Hypertext is text displayed on a computer display or other electronic devices with references to other text that the reader can access. Hypertext documents are interconnected by hyperlinks, which are activated by a mouse click, keypress set or by touching the screen. Apart from text, the term "hypertext" is sometimes used to describe tables and other presentational content formats with integrated hyperlinks. Hypertext is one of the key underlying concepts of the World Wide Web, where Web pages are written in the Hypertext Markup Language; as implemented on the Web, hypertext enables the easy-to-use publication of information over the Internet.'Hypertext' is a recent coinage.'Hyper-' is used in the mathematical sense of extension and generality rather than the medical sense of'excessive'. There is no implication about size— a hypertext could contain only 500 words or so.'Hyper-' refers to structure and not size. The English prefix "hyper-" comes from the Greek prefix "ὑπερ-" and means "over" or "beyond".
It signifies the overcoming of the previous linear constraints of written text. The term "hypertext" is used where the term "hypermedia" might seem appropriate. In 1992, author Ted Nelson – who coined both terms in 1963 – wrote: By now the word "hypertext" has become accepted for branching and responding text, but the corresponding word "hypermedia", meaning complexes of branching and responding graphics and sound – as well as text – is much less used. Instead they use the strange term "interactive multimedia": this is four syllables longer, does not express the idea of extending hypertext. Hypertext documents can either be dynamic. Static hypertext can be used to cross-reference collections of data in documents, software applications, or books on CDs. A well-constructed system can incorporate other user-interface conventions, such as menus and command lines. Links used in a hypertext document replace the current piece of hypertext with the destination document. A lesser known feature is StretchText, which expands or contracts the content in place, thereby giving more control to the reader in determining the level of detail of the displayed document.
Some implementations support transclusion, where text or other content is included by reference and automatically rendered in place. Hypertext can be used to support complex and dynamic systems of linking and cross-referencing; the most famous implementation of hypertext is the World Wide Web, written in the final months of 1990 and released on the Internet in 1991. In 1941, Jorge Luis Borges published "The Garden of Forking Paths", a short story, considered an inspiration for the concept of hypertext. In 1945, Vannevar Bush wrote an article in The Atlantic Monthly called "As We May Think", about a futuristic proto-hypertext device he called a Memex. A Memex would hypothetically store - and record - content on reels of microfilm, using electric photocells to read coded symbols recorded next to individual microfilm frames while the reels spun at high speed, stopping on command; the coded symbols would enable the Memex to index and link content to create and follow associative trails. Because the Memex was never implemented and could only link content in a crude fashion — by creating chains of entire microfilm frames — the Memex is now regarded not only as a proto-hypertext device, but it is fundamental to the history of hypertext because it directly inspired the invention of hypertext by Ted Nelson and Douglas Engelbart.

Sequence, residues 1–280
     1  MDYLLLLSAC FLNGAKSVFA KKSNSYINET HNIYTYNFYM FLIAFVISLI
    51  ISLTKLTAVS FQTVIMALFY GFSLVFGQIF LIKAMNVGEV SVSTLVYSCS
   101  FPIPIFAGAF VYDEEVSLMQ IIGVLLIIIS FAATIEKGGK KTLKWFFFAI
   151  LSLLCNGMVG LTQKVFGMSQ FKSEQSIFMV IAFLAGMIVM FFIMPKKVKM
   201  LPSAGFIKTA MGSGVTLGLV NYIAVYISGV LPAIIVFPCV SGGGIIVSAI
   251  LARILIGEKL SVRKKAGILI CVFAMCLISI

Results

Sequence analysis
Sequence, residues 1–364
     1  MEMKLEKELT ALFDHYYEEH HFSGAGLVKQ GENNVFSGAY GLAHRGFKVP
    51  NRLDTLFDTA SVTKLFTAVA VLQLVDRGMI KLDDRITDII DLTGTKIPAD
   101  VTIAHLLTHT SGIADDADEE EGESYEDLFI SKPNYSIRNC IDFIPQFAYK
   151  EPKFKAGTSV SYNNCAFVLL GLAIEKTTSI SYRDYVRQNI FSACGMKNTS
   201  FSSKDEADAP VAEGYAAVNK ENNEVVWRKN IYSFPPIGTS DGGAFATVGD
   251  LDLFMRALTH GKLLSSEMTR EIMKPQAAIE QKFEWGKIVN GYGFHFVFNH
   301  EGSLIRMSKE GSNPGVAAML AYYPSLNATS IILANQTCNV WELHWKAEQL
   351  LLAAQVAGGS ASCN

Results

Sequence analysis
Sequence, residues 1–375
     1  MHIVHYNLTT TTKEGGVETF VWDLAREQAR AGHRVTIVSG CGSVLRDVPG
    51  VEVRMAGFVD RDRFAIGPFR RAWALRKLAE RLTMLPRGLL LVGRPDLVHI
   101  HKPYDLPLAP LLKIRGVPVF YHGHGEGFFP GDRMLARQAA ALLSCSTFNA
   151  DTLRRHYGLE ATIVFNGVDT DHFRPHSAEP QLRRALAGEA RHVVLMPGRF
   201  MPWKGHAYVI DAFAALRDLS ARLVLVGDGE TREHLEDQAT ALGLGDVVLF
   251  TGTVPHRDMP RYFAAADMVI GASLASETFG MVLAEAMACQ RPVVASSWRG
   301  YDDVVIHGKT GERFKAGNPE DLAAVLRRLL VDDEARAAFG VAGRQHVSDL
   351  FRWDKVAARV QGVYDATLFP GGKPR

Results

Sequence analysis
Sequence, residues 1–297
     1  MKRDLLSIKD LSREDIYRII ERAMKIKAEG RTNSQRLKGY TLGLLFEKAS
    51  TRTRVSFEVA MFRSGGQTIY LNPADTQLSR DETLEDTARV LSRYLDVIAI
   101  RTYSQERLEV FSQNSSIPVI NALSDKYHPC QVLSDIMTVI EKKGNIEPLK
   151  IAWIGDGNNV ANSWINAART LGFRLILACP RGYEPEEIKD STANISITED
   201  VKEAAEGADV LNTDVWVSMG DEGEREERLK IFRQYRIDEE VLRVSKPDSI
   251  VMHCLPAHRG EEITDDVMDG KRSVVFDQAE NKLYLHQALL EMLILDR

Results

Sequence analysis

In 1963, Ted Nelson coined the terms'hypertext' and'hypermedia' as part of a model he developed for creating and using linked content. He worked with Andries van Dam to develop the Hypertext Editing System in 1967 at Brown University. By 1976, its successor FRESS was used in a poetry class in which students could browse a hyperlinked set of poems and discussion by experts and other students, in what was arguably the world’s first online scholarly community which van Dam says "foreshadowed wikis and communal documents of all kinds". Ted Nelson said in the 1960s that he began implementation of a hypertext system he theorized, named Project Xanadu, but his first and incomplete public release was finished much in 1998. Douglas Engelbart independently began working on his NLS system in 1962 at Stanford Research Institute, although delays in obtaining funding and equipment meant that its key features were not completed until 1968. In December of that year, Engelbart demonstrated a'hypertext' interface to the public for the first time, in what has come to be known as "The Mother of All Demos".
The first hypermedia application is considered to be the Aspen Movie Map, implemented in 1978. The Movie Map allowed users to arbitrarily choose which way they wished to drive in a virtual cityscape, in two seasons as well as 3-D polygons. In 1980, Tim Berners-Lee created ENQUIRE, an early hypertext database system somewhat like a wiki but without hypertext punctuation, not invented until 1987; the early 1980s saw a number of experimental "hyperediting" functions in word processors and hypermedia programs, many of whose features and terminology were analogous to the World Wide Web. Guide, the first significant hypertext system for personal computers, was developed by Peter J. Brown at UKC in 1982. In 1980 Roberto Busa, an Italian Jesuit priest and one of the pioneers in the usage of